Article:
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A few weeks after your second COVID-19 vaccination, you walk into your favorite restaurant for the first time in over a year, masked up and ready to enjoy being out. You sit down at a table, order your favorite dish and a beverage, and prepare to ditch your mask and return to something like normal.
But you can’t help but notice that some of the other patrons are walking in without masks, perhaps being seated by an uncomfortable but accommodating host, who’s appropriately masked. You can’t help but wonder: Are these folks vaccinated?
Probably not, recent polling suggests.
The April University of Texas/Texas Tribune Poll found Texas voters increasingly returning to normal lives after a year living under the tyranny of the coronavirus pandemic. Changes in Texans’ behaviors likely result from decreasing concerns about COVID-19, which has slowly subsided amid universal vaccine eligibility for adults and an increasing number of vaccinations.
But the increase in “normal” behavior has been most pronounced among those Texans who are hesitant or resistant to getting vaccinated, and those who say that they intend to get vaccinated but haven’t done so yet. That latter group has been shrinking with each passing month.
Thursday’s announcement from the U.S. Centers for Disease Control and Prevention that “anyone who is fully vaccinated can participate in indoor and outdoor activities — large or small — without wearing a mask or physical distancing” will result in many more people without masks in indoor public spaces.
Polling suggests that along with an increasing number of vaccinated people without masks, there will be many others who are unmasked but unvaccinated — posing a public health hazard to themselves and to other unvaccinated people with whom they come into contact.
According to one recent study by the Cleveland Clinic, unvaccinated adults are the most likely to be hospitalized due to COVID-19, making up 99.75% of patients. And even after the CDC announcement, some medical professionals were quick to remind anyone listening that people may have good reasons to continue wearing masks.
In April, 33% of Texans reported living normally, coming and going from their homes as usual, up from 24% in March, and 24 percentage points higher than our first recorded measurement in April of last year. Among Texans who reported living normally, the share having already received a vaccine has only increased by 6 percentage points since March, from 15% to 21%, making this group the most cautious, despite their protection against COVID-19. Among Texans who express hesitancy or refusal to get a vaccine, the share living normally has increased 13 percentage points, from 38% to 51%. And among those who say that they intend to get a vaccine as soon as possible but haven’t yet, the share living their lives normally has increased by 18 percentage points, from 12% to 30%.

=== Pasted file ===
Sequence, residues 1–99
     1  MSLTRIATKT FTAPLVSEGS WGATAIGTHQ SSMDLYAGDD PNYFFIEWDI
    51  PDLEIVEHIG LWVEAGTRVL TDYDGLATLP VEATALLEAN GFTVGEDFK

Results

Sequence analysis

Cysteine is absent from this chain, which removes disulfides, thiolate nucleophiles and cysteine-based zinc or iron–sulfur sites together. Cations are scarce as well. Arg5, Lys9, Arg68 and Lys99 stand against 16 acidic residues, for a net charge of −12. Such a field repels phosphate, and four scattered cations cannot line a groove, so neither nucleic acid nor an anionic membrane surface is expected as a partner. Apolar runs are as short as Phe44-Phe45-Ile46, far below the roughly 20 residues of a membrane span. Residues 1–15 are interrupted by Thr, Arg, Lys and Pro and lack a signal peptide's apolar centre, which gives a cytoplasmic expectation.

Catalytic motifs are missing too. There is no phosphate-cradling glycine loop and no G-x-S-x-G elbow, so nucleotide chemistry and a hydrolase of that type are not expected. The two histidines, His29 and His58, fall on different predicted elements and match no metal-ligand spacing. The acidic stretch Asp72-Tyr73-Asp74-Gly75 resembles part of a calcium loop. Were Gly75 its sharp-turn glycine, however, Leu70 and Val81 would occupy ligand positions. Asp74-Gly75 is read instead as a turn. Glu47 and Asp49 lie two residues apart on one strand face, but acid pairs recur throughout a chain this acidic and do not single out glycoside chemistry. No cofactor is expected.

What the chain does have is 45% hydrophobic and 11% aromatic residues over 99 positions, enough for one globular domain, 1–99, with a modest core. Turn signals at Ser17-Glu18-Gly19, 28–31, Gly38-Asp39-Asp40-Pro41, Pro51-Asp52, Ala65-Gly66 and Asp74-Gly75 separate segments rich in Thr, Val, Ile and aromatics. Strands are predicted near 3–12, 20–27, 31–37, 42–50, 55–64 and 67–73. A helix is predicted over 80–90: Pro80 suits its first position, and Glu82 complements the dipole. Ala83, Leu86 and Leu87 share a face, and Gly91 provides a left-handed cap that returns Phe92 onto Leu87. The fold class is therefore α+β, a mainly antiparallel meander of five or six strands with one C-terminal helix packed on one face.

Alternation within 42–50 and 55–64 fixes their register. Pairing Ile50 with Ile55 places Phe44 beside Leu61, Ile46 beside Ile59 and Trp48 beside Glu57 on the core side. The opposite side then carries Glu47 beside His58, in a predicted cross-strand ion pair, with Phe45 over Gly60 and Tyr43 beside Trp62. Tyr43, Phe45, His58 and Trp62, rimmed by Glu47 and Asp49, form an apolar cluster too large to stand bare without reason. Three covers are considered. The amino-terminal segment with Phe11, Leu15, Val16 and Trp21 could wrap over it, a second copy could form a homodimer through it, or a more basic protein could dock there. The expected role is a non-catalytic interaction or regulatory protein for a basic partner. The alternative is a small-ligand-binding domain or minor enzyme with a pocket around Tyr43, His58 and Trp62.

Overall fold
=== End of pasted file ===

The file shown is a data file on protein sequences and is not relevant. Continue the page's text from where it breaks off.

The partisan impulses cultivated and inflamed throughout the pandemic are starkly evident at this intersection of vaccine hesitancy and reported behavior. Vaccine-hesitant Republicans constitute a near-majority of all Texas voters living normally — 45%. Another 28% of Texans who say they are living normally are vaccinated Republicans — meaning nearly 3 in 4 voters “living normally” are Republicans, with more having failed to receive a vaccine than not.
This linkage between vaccine hesitance (or rejection) and COVID-flouting behavior is also evident in beliefs about the safety of social activities. Vaccine-hesitant Texans as a group are much more likely to consider social activities safer than those who have been, or plan to be, vaccinated.
Asked whether it would be safe to engage in each of 14 routine activities ranging from going to work, staying in a hotel and flying on an airplane, to attending an event at an indoor arena, going to a movie or eating at a restaurant, Texans who are hesitant to receive a vaccine found these activities safer, on average, than those who aren’t hesitant. Among those who expressed hesitancy, 72%, on average, rate each activity safe. Among Republicans who are hesitant, that average is 86%. By comparison, on average, only about half of vaccinated and vaccine-seeking Texans evaluated those public activities to be safe.
Those same vaccine-hesitant Texans are also more likely to be among those rejecting social distancing measures that kept the virus at bay prior to the distribution of the vaccines. Only 1 Texan in 5 now says that they’re not wearing a mask when they leave their home; 70% of this group is vaccine hesitant, with a majority, 53%, being hesitant Republicans. One in 4 Texans say that they are not avoiding large groups in public; 60% of those are vaccine hesitant.
So while vaccines are providing Texas, the country and the world with a patch of light at the end of a long, dark tunnel, it appears that our return to normal has — thus far — been driven in large part by what economists call free-riders, Texans who are benefiting from the distribution of vaccines to others, even if they are hesitant, or even unwilling, to get their shots.
Even as the CDC relaxes masking and social distancing guidance for public places, the attitudes of the vaccine hesitant, and the behaviors associated with them, pose a continuing public health threat even as overall concern about the pandemic recedes.
That ride isn’t so free after all.
Disclosure: The University of Texas at Austin has been a financial supporter of The Texas Tribune, a nonprofit, nonpartisan news organization that is funded in part by donations from members, foundations and corporate sponsors. Financial supporters play no role in the Tribune’s journalism. Find a complete list of them here.